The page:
Sharing my thoughts and reflections on books, technology & being an elementary librarian.
Wednesday, July 27, 2011
The Tequila Worm
Canalaes, V. (2005). The tequila worm. New York: Wendy Lamb Books.
This book is a 2006 winner of the Pura Belpre Award.
A wonderful book about Sofia, a young girl growing up in the barrio in McAllen, Texas and the love and support she gets from her family. The author gives great insight into the Mexican-American culture. There were so many traditions and symbols in the book that helped the reader get a real feel for the culture. I liked Sofia's strong, independent spirit and her ability to cherish traditions, yet search out for more than just the life in the barrio. As she grows up she discovers how important family is, even as she begins to lose some of those closest to her. Her relationship with Berta was fun to watch transform from childhood friends fighting over candy to comadres who would do anything to support the other and their goals. It was very inspiring to see Sofia decide to branch out of her community to go to a private boarding school that would give her better opportunities in life. It was even more inspiring for her to actually work to raise the money her family had to pay to get her there. I tried to imagine what it must have felt like to be that young and work 12 hour days doing physically demanding work. What perseverance!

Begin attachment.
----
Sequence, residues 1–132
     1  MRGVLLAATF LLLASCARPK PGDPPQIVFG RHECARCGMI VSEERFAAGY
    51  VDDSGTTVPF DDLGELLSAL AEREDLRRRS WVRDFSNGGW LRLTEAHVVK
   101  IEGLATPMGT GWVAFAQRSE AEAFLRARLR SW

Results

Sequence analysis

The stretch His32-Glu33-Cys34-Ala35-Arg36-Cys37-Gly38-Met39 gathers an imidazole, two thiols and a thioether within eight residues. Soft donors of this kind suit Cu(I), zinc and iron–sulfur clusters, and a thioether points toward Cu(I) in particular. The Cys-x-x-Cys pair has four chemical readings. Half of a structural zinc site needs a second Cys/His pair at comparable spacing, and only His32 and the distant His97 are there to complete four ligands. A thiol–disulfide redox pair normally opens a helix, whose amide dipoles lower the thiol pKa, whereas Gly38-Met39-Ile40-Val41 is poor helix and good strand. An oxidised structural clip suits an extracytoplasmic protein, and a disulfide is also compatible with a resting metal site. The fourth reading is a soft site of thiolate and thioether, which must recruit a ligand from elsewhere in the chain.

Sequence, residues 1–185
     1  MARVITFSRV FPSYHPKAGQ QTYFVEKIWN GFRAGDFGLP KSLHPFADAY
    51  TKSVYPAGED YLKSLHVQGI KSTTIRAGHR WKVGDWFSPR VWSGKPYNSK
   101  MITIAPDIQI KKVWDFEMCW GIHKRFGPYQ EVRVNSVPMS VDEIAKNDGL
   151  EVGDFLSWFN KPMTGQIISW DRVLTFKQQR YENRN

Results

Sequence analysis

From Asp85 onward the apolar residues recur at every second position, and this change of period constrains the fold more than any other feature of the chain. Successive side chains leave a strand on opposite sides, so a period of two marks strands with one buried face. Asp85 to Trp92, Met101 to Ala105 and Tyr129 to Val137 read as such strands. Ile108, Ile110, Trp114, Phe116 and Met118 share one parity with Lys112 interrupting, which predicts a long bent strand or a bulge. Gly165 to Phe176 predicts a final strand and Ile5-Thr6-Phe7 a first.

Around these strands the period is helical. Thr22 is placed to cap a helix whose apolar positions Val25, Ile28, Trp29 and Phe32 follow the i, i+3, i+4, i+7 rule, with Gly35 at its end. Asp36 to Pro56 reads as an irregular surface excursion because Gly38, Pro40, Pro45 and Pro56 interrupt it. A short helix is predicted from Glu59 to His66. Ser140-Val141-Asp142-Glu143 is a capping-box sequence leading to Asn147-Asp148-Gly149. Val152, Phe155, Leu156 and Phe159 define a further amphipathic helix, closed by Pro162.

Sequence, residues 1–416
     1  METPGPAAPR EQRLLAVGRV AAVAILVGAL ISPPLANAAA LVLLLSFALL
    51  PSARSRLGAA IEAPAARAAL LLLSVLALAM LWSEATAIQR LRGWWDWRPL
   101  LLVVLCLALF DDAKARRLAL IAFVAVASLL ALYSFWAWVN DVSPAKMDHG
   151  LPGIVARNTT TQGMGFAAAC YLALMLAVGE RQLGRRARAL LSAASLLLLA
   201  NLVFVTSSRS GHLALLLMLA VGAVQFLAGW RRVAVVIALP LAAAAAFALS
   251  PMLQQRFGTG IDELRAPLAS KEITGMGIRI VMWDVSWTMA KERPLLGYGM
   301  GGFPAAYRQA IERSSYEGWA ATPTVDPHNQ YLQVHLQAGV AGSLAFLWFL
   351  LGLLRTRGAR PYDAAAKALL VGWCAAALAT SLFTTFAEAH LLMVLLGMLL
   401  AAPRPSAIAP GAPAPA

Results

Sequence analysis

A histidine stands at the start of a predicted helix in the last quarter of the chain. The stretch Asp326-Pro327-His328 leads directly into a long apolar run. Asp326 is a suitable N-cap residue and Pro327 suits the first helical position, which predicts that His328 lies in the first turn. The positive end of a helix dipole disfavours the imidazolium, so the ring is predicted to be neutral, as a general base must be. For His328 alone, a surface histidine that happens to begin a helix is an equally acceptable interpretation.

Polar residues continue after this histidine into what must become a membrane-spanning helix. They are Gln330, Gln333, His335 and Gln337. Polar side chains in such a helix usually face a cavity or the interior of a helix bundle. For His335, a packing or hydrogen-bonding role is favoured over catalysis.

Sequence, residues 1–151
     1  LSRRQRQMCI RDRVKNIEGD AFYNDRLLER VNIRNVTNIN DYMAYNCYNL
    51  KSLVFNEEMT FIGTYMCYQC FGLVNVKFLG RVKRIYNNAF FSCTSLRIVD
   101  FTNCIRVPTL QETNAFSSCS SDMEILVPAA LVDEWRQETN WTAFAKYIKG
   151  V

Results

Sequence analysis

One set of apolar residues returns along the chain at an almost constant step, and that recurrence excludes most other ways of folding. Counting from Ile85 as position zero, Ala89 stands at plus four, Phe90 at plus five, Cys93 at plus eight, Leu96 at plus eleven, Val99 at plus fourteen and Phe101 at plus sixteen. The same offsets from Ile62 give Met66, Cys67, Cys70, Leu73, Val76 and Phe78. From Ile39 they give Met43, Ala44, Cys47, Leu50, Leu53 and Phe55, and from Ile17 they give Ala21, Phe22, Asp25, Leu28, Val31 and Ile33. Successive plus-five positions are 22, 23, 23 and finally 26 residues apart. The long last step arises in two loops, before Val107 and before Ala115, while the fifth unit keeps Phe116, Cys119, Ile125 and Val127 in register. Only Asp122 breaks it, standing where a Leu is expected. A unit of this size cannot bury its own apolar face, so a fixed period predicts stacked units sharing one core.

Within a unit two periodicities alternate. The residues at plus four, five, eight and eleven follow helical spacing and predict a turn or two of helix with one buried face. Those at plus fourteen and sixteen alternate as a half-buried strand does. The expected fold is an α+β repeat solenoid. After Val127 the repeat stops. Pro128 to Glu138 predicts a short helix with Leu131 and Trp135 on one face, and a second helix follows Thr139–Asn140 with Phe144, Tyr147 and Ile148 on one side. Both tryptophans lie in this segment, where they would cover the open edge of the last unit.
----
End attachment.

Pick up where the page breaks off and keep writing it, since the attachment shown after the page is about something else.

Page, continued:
The book was an enjoyable read, although there were times when I felt the dialogue was stiff and not quite natural. However the theme of the book, as well as the development of the characters, more than made up for this. It really hit on all emotions, with their being parts that made you laugh as well as parts that made you cry!